As shown in FIG. 1, a lock mechanism 46 for prohibiting the front cover 40 from opening includes a hook-like member 46 a and an actuator 46 b. The hook-like member 46 a is provided in the front cover 40. The actuator 46 b is rotatably supported on the body side so that the actuator 46 b can be engaged with and separated from the hook-like member 46 a. When the actuator 46 b is engaged with the hook-like member 46 a, the front cover 40 is locked to be closed. When the actuator 46 b is rotated by the driving force of a locking motor 128 (see FIG. 6) so as to leave the hook-like member 46 a, the front cover 40 is unlocked. A control unit 100 (see FIG. 6), which will be described later, controls driving of the locking motor 128.

Incidentally, a guide member 24 a forming a part of the paper conveyance path is provided integrally with the front cover 40. When the front cover 40 is opened, the guide member 24 a moves together so as to expose the paper conveyance path. In addition, a guide plate 24 b and a feed roller 26 a are provided integrally with the conveyance unit 30 so as to move up/down in accordance with the up/down motion of the conveyance unit 30 as will be described later. When the guide plate 24 b and the feed roller 26 a move down together with the conveyance unit 30, a hand can be inserted from the insertion hole 44 to the recording head 14 (see FIG. 8).

Next, with reference to FIGS. 4 and 5, description will be made on the shutter mechanism 50 for protecting the recording heads 14 when the front cover 40 is opened. FIG. 4 is a perspective view showing the configuration of the shutter mechanism 50. FIG. 5 is a side view showing the configuration of a shutter 54.

The shutter mechanism 50 incldues a storage portion 52 (see FIG. 1), the shutter 54 and a moving mechanism 60. The shutter 54 is formed out of a flexible sheet, and is wound like a roll and stored in the storage portion 52. The moving mechanism 60 moves the shutter 54 between a position where the shutter 54 faces the ejection surfaces 18, and the storage portion 52.

The shutter 54 is a sheet-like member having a size large enough to cover the ejection surfaces 18. The end portion of the shutter 54 on the side of the storage portion 52 is wound on a winding shaft 56, while the other end portion thereof is wound on a guide shaft 58. The shutter 54 is stored like a roll in the storage portion 52, so that the housing 12 can be prevented from increasing in size.

The shutter 54 is a flexible sheet member having a multilayer structure. As shown in FIG. 5, the shutter 54 has a configuration in which a water repellent layer 54 a, a base sheet 54 b and a sponge-like shock absorbing layer 54 c are laminated integrally in that order. Here, the surface of the water repellent layer 54 a, which will face the ejection surfaces 18, is regarded as a facing surface 55. When a hand touches one of the ejection surfaces 18 directly, ink in any one of the nozzles 19 a of the head body 16 leaks out from the ejection port due to surface tension or capillary attraction so that the meniscus is broken. However, when the facing surface 55 of the shutter 54 touches the ejection surface 18, the influence of the capillary attraction can be weakened due to the water repellency given to the facing surface 55. Thus, the ink in the nozzle is prevented from leaking out, so that there is no fear that the meniscus is broken. In addition, the shock absorbing layer 54 c has an effect of relieving a shock caused by the touch, so as to prevent the meniscus from being broken.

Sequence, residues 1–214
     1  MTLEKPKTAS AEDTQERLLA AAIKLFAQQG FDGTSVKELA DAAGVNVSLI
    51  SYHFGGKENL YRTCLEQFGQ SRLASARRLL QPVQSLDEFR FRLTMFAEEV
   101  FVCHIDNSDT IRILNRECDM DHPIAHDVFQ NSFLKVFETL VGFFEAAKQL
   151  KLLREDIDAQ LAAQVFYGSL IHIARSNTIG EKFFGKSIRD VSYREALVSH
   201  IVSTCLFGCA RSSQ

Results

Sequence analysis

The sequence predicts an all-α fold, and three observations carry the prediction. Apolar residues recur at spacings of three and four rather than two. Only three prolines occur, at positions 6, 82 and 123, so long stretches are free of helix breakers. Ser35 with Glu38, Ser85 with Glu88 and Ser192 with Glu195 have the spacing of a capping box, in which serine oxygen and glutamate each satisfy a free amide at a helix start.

The shutter 54 configured thus is wound like a roll on the winding shaft 56 and stored in the storage portion 52 during printing. When the front cover 40 is opened, the moving mechanism 60 moves the shutter 54 to a position facing the ejection surfaces 18, so as to protect the recording heads 14.

As shown in FIG. 4, the moving mechanism 60 includes a spiral spring 62, a chassis 64, a sponge roller 68, and a driving force transmission mechanism for transmitting a driving force for moving the guide shaft 58.

The spiral spring 62 is connected to one end of the winding shaft 56 so as to urge the winding shaft 56 in a direction to take up the shutter 54. Guide grooves 66 are formed in the chassis 64. The both ends of the guide shaft 58 are inserted into the guide grooves 66 so that the guide grooves 66 guide movement of the guide shaft 58. The guide grooves 66 are formed so that the guide shaft 58 can move at a distance from the ejection surfaces 18 and in parallel to the ejection surfaces 18. The sponge roller 68 is pivoted on a side nearer the storage portion 52 than the recording heads 14. The sponge roller 68 guides the moving path of the shutter 52 and absorbs ink adhering to the facing surface 55.